This post was written by the guest blogger – Simon Western. Thank you Simon for your thoughtful contribution!
Reel Parents…… unreal babies
Parent baby cinema groups – what they tell us about societies view of babies
Reel parents is one of the names given to the parent and baby screenings now showing at cinemas. This is an interesting idea, parents can take babies under 1 year, and watch a movie together with other parents and babies. A good business idea for the cinema and a good for parents who often can’t get out in the evenings. However, I was shocked to see 12 Years A Slave as a Parent And Baby Screening, and realised other films with loud and violent scenes were being shown. I wondered what this says about our social attitude towards babies? What it says to me is that babies are considered as some sort of pre-human object, rather than being treated as human subjects in their own right.
I have seen no social comment on this practice, except something in Poland which I will return to. Do we imagine babies are unable to engage with the sounds of screaming men and women being whipped, or affected by brutal images on large screens in front of them, or too the emotions stirred in the mothers and fathers watching? The IMD film company warns parents of older children that this film shows “A naked woman is shown being savagely whipped. At one point, 12 Years A Slave is a very brutal, cruel film. It is extremely emotional and some viewers may find it hard to watch. Lots of torture, violence and abuse is shown realistically. Some people may be disturbed by the sexual abuse of one of the female slaves. A mother is also sold and separated from her children.” And they mark it 9/10 for being disturbing.
I don’t claim to be an expert on what babies can see on big screens, but I do know that my 9 month year old converses with me on Skype when I am working away from home, and enjoys watching the Jungle Book on You Tube. I therefore imagine young babies can see something of what is happening on huge screens and I am certain babies take in the sounds of screams and violence. One thing is for certain, that babies are completely in touch and sensitive to a parents emotional reactions (hence attachment theory). So parents watching images or rape and whippings, and reacting to disturbing narratives on screen will be passed onto the infant is some form.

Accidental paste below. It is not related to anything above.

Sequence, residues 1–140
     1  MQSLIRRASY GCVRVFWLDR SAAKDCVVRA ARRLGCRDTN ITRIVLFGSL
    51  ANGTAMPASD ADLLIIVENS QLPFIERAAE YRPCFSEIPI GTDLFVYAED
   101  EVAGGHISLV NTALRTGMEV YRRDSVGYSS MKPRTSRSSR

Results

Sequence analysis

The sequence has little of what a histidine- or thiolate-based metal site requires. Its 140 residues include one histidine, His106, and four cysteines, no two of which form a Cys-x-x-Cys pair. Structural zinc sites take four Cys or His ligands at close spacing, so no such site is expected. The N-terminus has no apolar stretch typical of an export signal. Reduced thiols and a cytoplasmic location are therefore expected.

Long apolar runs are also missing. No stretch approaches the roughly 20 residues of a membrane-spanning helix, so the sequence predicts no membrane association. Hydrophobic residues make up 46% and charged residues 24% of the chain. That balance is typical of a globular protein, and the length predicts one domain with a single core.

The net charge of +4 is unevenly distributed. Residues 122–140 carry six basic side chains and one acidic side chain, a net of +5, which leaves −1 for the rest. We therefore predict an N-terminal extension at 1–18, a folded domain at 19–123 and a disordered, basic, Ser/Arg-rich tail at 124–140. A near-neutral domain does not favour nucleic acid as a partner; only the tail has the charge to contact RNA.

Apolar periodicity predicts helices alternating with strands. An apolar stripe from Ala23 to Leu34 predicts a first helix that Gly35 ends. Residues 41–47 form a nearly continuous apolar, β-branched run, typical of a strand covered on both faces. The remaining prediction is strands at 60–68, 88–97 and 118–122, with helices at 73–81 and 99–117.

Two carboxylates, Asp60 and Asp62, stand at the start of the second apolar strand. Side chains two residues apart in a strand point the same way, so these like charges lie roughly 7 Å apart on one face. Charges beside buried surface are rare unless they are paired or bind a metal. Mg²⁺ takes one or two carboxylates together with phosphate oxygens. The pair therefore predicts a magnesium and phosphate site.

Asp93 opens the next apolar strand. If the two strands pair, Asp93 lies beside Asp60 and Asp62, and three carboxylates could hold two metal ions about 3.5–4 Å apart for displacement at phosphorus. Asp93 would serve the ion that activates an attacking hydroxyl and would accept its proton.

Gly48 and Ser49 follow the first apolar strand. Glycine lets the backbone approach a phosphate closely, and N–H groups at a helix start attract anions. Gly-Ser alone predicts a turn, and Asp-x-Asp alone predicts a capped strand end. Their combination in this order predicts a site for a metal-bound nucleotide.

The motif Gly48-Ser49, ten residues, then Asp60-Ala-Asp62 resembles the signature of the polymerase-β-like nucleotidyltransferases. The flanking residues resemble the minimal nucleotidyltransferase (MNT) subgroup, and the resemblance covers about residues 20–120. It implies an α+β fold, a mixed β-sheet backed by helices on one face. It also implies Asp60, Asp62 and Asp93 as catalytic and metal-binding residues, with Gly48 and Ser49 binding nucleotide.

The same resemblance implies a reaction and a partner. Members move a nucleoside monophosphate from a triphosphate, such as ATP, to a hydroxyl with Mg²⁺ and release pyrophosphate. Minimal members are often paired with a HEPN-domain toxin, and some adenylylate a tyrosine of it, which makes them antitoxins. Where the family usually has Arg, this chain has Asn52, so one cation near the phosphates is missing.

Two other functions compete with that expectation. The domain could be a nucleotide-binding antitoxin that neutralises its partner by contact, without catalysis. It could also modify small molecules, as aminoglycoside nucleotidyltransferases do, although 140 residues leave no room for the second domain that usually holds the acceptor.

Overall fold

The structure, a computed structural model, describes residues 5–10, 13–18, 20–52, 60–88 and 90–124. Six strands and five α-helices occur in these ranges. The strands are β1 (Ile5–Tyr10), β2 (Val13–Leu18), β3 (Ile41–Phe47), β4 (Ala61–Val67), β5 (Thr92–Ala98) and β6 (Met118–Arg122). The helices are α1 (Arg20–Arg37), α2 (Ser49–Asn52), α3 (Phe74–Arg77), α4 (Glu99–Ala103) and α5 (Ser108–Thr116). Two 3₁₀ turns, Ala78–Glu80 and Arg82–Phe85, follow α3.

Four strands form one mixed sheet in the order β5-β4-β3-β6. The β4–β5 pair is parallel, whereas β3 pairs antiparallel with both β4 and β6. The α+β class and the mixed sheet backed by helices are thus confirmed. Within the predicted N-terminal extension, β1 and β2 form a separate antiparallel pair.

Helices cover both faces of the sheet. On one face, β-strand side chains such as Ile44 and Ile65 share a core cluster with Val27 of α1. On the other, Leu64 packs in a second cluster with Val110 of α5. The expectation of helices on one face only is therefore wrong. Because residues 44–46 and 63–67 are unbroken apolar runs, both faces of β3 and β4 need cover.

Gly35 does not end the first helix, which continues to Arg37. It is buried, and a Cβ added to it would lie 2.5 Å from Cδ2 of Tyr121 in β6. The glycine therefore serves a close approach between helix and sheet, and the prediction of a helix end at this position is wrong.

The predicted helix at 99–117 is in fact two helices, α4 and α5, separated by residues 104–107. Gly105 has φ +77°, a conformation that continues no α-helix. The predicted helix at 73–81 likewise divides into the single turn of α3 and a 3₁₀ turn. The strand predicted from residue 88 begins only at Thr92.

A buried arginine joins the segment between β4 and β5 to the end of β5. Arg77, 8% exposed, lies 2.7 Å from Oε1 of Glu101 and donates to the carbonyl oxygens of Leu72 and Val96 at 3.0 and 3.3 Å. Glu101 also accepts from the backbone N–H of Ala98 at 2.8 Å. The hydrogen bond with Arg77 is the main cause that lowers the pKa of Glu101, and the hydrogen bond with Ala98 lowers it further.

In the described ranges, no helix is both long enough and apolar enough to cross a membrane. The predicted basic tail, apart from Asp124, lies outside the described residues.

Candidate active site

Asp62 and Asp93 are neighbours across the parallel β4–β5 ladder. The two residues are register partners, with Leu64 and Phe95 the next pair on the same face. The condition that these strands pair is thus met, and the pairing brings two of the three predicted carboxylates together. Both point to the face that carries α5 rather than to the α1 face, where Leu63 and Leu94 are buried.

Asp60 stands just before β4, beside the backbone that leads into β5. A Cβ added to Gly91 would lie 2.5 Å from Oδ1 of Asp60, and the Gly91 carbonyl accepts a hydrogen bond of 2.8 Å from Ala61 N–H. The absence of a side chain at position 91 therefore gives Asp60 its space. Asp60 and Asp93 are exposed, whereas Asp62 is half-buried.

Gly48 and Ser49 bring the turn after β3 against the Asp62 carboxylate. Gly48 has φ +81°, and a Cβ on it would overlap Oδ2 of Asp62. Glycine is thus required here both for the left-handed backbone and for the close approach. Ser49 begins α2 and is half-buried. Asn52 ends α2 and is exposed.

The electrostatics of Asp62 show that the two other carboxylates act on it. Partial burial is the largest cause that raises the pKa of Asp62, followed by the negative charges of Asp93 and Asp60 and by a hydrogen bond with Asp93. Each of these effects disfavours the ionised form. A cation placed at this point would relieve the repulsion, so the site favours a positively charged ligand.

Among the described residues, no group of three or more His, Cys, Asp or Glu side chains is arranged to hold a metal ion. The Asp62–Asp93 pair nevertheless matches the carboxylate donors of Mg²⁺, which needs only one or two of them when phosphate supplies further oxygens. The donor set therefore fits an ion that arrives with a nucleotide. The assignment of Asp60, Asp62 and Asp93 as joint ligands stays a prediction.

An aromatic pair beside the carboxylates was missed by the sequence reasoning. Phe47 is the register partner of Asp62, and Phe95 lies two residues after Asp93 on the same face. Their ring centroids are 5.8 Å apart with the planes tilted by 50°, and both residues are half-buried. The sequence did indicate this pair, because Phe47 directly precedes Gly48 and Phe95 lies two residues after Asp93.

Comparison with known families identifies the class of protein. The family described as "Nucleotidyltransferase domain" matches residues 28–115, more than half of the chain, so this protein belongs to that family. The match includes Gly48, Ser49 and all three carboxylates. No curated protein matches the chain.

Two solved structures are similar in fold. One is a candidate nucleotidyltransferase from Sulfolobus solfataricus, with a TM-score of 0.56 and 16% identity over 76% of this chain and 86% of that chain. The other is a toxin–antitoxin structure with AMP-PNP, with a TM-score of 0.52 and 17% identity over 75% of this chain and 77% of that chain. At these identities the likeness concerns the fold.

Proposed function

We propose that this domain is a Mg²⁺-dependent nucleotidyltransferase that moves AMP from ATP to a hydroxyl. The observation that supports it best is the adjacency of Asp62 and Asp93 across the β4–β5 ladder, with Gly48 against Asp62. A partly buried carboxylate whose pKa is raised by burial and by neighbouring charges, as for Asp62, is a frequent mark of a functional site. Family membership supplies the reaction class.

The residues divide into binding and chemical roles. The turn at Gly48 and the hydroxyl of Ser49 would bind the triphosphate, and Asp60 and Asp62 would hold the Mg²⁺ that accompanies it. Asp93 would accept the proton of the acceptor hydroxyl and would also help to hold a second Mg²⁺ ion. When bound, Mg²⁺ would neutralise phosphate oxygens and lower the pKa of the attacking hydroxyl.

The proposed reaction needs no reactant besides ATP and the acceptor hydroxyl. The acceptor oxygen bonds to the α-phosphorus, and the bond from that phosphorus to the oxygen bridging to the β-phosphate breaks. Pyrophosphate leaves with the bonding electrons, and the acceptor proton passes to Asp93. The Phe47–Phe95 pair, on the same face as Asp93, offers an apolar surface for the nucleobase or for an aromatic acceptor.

The question this raises for me is are babies emotionally neutral objects who are numb to the emotional lives of their parents and their environment, or are they human subjects from birth, with deeply sensitive emotional lives? One place where there was protests against such films being shown was in Poland where I heard that the Catholic conservative right, prevented a showing Nymphomaniac at a parent and baby screening. Of course this fits with their conservative political agenda (sex is sinful, films like this destroy family values etc etc). What I found interesting is that ‘progressive mothers’ argued that it was their cultural right to see any film they chose, and they shouldn’t be prevented from this liberty. This so-called progressive voice is in fact the opposite. It was the Victorians who treated children as emotionally neutral objects ‘who should be seen and not heard’ and packed them off to prep-boarding schools and outsourced them to nannies as quick as possible (not unlike the Royal family today). Zizek speaking to radical protesters said “Don’t be afraid of words like work, discipline, community and so on. We should take all this from the right wingers. Don’t allow enemy to take from you to determine the terrain of the struggle.” (Zizek 2011) This is true of progressive parents who should not take a self-righteous narcissistic view ‘I have the right to see the film whatever it is’ as this is a reactionary and conservative position. The progressive position is to stand up to social norms that demean the humanity of a baby.
The issue of parent and baby screenings of violent films, highlights two disturbing social trends. Firstly, it’s the parents that matter not the babies, reflecting our increasingly narcissistic society. Secondly how babies are increasingly becoming commodities, passive objects of desire, a nice thing to have a push around in a designer pushchair.
Both trends seem to forget that babies are deeply emotional human subjects and need to be engaged with as such, by parents and by wider society.